Conservative (1867-1942)

Mr. BARBER:

Statements have been made to-day in regard to there being a considerable percentage of men in the camps who are unable to work. I have visited these camps for some time; I have fourteen in my district, and have kept in close touch with them. I cannot agree with the hon. member for Vancouver North (Mr. MacNeil) as to the conditions, because I think the conditions are as nearly ideal as they can be in any camps, and I have visited lumber camps and other camps. The camps were clean, the food wholesome, and the men in charge were ideal. I do not think a better class of men than the foremen and superintendents could have been found in Canada; they were sympathetic, always willing to help the men, and taking a paternal interest in them.

Is it the intention of the government to dispose of these camps, or do they intend to keep some of them open so that some of these men who are not capable of working may be taken care of?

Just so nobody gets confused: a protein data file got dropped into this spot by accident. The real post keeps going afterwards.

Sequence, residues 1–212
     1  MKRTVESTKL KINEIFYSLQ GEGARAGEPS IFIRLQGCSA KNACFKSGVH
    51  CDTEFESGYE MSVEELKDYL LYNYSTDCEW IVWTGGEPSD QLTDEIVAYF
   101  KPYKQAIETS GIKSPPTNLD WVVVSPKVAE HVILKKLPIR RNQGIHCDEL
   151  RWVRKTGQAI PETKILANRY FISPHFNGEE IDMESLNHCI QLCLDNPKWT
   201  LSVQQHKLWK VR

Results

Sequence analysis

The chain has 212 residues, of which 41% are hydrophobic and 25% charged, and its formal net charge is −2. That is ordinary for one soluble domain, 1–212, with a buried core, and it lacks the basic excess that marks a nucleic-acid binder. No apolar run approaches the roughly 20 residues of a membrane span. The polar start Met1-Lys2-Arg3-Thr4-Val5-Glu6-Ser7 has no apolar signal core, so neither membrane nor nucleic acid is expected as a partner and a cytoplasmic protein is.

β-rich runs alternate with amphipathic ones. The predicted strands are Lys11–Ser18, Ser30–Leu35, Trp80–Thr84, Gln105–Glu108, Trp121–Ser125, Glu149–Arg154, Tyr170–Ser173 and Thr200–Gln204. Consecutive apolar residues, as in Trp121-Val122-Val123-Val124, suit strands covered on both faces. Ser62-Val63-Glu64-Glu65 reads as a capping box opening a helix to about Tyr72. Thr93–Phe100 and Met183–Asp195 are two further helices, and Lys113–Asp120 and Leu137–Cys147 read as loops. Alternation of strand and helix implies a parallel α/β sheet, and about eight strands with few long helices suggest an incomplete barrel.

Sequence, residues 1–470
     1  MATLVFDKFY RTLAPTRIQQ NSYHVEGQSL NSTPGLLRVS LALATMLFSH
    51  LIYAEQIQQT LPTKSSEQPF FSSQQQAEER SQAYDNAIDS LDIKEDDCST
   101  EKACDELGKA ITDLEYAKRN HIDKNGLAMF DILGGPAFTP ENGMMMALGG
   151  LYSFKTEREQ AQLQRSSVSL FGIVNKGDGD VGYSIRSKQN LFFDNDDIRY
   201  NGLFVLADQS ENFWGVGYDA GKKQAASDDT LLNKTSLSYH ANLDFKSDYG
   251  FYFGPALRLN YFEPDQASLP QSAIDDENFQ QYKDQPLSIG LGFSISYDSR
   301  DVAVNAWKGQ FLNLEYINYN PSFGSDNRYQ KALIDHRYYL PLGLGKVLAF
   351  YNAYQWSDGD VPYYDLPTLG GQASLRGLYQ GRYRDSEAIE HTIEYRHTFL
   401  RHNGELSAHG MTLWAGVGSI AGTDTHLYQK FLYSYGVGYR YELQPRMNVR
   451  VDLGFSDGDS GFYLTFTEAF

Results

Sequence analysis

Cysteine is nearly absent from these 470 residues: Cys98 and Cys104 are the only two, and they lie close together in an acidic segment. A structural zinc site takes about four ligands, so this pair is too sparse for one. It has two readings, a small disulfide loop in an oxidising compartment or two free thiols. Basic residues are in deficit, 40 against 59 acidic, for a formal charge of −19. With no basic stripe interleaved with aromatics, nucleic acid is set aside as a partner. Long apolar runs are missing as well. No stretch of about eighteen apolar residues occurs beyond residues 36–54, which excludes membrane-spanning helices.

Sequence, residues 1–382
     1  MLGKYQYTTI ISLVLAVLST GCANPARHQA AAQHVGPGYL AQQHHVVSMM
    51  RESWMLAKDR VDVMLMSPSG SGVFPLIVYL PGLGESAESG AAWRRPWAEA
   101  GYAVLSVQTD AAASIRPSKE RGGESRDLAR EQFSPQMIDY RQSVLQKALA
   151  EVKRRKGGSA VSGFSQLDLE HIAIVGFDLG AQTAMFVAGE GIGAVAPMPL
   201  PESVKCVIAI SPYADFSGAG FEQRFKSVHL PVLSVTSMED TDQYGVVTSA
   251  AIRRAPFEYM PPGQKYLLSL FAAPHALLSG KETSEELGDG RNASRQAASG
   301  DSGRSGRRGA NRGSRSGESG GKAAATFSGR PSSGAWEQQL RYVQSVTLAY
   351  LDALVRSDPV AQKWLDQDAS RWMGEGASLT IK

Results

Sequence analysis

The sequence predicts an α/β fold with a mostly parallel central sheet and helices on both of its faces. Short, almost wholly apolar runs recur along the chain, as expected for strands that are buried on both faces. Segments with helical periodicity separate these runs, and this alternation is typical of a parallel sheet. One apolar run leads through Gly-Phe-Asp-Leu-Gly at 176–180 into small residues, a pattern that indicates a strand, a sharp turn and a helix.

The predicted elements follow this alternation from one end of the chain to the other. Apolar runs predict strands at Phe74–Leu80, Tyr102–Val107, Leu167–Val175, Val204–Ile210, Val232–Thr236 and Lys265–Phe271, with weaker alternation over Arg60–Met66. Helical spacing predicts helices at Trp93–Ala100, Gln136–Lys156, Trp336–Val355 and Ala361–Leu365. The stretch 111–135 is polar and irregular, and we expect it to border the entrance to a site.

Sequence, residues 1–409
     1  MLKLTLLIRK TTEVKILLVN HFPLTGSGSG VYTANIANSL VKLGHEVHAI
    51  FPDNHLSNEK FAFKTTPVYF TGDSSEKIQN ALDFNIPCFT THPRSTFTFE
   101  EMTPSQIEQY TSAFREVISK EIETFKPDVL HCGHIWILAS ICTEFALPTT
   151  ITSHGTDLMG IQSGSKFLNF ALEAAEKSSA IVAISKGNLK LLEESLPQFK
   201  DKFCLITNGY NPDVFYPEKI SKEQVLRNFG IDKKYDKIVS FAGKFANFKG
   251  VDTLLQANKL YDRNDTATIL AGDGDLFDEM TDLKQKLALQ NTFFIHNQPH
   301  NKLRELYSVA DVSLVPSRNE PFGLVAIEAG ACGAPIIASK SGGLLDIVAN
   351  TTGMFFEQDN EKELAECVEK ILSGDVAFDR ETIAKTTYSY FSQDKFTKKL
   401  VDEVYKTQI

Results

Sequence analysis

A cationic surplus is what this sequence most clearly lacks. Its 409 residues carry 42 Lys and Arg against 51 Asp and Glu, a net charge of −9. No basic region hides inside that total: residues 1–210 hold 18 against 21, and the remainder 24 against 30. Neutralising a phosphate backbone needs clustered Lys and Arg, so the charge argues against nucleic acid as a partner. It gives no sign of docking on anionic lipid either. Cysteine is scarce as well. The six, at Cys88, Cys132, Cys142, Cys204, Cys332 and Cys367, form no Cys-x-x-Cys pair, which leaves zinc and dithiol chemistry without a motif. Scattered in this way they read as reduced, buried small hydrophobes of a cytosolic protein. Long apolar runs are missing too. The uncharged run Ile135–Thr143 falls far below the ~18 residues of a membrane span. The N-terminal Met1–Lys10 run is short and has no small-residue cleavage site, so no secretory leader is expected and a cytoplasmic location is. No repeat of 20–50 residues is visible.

I should like to ask another question, which I believe has already been answered but as to which I should like to put in a plea. As to those foremen and superintendents who have been so faithful in that work during the last few years, many of whom are not prepared now to step out into the cities and get a job, some of whom are engineers, very

capable, I should like to know if something could be done to employ them. I understand the minister said that he has had something under consideration or at least might make provision for some, but I should like an answer to the other question in regard to the future of these camps; is the government going to dispose of the buildings or to put someone in charge by way of a caretaker?

Topic:   UNEMPLOYMENT
Subtopic:   AMENDMENT OF UNEMPLOYMENT RELIEF AND ASSISTANCE ACT, 1936, TO ASSIST PROVINCES IN RESPECT OF RELIEF EXPENDITURES
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LIB

Norman McLeod Rogers (Minister of Labour)

Liberal

Mr. ROGERS: